The L48 base engine was now rated at 200 bhp (150 kW) and the optional LT1 engine was now rated at 270 bhp (200 kW).  1974 models had the last true dual exhaust system that was dropped on the 1975 models with the introduction ofcatalytic converters requiring the use of no-lead fuel. Engine power decreased with the base ZQ3 engine producing 165 bhp (123 kW), the optional L82’s output 205 bhp (153 kW), while the 454 big-block engine was discontinued. Gradual power increases after 1975 peaked with the 1980 model’s optional L82 producing 230 bhp (172 kW).
Styling changed subtly throughout the generation until 1978 for the car’s 25th anniversary. The Sting Ray nameplate was not used on the 1968 model, but Chevrolet still referred to the Corvette as a Sting Ray; however, the 1969 (through 1976) models used the “Stingray” name as one word, without the space. In 1970, the body design was updated including fender flares, and interiors were refined, which included redesigned seats. Due to government regulation, the 1973 Corvette’s chrome front bumper was changed to a 5-mile-per-hour (8 km/h)system with a urethane bumper cover. 973 Corvettes are unique in that sense, as they are the only year where the front bumper was polyurethane and the rear retained the chrome two-piece bumper set. 1973 was also the last year chrome bumpers were used. The optional wire-spoked wheel covers (left) were offered for the last time in 1973. From 1974 onwards both the front and rear bumpers were polyurethane. 1974 Corvette Stingray Coupe In 1974, a 5-mile-per-hour (8 km/h) rear bumper system with a two-piece, tapering urethane bumper cover replaced the Kamm-tail and chrome bumper blades, and matched the new front design from the previous year. 975 was the last year for the convertible, (which did not return for 11 years) and Dave McLellan succeeded Zora Arkus-Duntov as the Corvette’s Chief Engineer. For the 1976 models the fiberglass floor was replaced with steel panels to provide protection from the catalytic converter’s high operating temperature. Stingray 15 model years where the names Corvette, Sting Ray, and Stingray were synonymous. 1977 was last year the tunneled roof treatment with vertical back window was used, in addition leather seats were available at no additional cost for the first time.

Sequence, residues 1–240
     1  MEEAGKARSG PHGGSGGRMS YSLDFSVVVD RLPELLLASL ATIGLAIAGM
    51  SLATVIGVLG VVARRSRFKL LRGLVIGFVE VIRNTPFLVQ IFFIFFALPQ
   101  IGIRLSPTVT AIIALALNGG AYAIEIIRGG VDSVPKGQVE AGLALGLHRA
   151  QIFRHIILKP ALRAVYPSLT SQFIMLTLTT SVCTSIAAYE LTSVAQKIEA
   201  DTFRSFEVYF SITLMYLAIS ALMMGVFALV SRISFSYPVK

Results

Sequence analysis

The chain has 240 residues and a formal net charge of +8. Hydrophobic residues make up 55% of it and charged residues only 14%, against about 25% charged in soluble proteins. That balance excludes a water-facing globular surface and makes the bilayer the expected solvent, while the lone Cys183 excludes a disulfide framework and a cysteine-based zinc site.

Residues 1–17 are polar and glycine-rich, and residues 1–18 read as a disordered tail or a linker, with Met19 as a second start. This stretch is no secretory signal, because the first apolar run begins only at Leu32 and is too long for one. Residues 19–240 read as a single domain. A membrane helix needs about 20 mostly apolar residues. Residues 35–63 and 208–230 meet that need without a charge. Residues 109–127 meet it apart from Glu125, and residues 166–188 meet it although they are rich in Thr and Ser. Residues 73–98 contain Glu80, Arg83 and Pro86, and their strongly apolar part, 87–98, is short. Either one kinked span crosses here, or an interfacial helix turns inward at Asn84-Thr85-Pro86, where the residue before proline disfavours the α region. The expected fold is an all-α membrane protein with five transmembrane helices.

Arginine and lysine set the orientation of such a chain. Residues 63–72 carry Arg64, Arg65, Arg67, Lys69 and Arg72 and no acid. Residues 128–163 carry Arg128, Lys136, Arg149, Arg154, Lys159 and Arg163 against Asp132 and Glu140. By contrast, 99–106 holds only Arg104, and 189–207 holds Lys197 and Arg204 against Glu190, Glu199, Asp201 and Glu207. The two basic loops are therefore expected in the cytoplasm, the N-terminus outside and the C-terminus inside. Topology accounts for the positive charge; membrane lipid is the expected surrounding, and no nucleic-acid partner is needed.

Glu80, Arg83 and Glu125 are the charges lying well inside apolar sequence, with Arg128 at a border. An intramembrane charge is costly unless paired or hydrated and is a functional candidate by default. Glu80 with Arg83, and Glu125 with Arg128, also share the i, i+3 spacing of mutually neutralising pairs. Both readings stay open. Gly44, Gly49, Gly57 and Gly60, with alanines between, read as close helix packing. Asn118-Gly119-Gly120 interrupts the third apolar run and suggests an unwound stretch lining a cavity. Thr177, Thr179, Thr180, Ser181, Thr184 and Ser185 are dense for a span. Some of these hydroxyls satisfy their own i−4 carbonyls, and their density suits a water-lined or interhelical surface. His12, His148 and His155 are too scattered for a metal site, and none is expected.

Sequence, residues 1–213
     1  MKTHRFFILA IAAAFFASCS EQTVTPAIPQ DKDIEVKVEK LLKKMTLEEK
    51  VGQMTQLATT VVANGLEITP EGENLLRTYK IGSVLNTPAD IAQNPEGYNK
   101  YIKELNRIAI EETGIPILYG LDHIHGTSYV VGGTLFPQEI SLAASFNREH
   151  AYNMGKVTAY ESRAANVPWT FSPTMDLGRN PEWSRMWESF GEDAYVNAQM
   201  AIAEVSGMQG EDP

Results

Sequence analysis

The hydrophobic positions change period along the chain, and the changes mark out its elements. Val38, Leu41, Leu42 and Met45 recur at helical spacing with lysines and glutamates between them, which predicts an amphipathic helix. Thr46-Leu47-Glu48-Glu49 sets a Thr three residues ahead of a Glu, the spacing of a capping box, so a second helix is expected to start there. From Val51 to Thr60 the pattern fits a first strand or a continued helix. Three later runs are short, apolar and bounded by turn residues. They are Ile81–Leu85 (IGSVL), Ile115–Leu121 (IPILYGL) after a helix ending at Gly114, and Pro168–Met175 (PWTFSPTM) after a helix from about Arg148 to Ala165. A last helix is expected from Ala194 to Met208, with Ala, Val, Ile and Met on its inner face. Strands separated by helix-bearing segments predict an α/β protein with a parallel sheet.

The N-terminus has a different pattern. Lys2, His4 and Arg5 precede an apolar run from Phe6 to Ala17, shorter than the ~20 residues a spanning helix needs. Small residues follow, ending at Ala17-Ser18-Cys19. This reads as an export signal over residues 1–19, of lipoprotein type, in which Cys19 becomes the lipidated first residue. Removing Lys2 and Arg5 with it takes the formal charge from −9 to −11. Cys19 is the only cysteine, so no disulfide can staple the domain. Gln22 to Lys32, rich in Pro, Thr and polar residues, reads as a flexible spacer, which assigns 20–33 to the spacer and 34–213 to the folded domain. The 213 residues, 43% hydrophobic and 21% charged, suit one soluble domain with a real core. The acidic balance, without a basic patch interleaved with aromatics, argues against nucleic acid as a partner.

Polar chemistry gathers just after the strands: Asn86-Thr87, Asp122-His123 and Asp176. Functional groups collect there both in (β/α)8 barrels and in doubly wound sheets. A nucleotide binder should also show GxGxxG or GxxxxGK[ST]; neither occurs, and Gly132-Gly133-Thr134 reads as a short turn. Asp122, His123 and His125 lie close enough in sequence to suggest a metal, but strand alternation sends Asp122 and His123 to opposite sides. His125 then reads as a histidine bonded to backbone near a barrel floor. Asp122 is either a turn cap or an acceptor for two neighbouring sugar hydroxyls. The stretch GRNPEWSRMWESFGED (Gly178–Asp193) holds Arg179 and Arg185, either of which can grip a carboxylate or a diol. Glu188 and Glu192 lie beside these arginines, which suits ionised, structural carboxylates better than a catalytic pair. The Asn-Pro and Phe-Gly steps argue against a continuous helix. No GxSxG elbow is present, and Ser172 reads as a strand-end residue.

The black exterior color returned after a six-year absence. The 1978 25th Anniversary model introduced the fastback glass rear window and featured a new interior and dashboard. Corvette’s 25th anniversary was celebrated with the Indy 500 Pace Car limited edition and a Silver Anniversary model featuring silver over gray lower body paint. All 1979 models featured the previous year’s pace car seats and offered the front and rear spoilers as optional equipment. In 1980, the Corvette received an integratedaerodynamic redesign that resulted in a significant reduction in drag.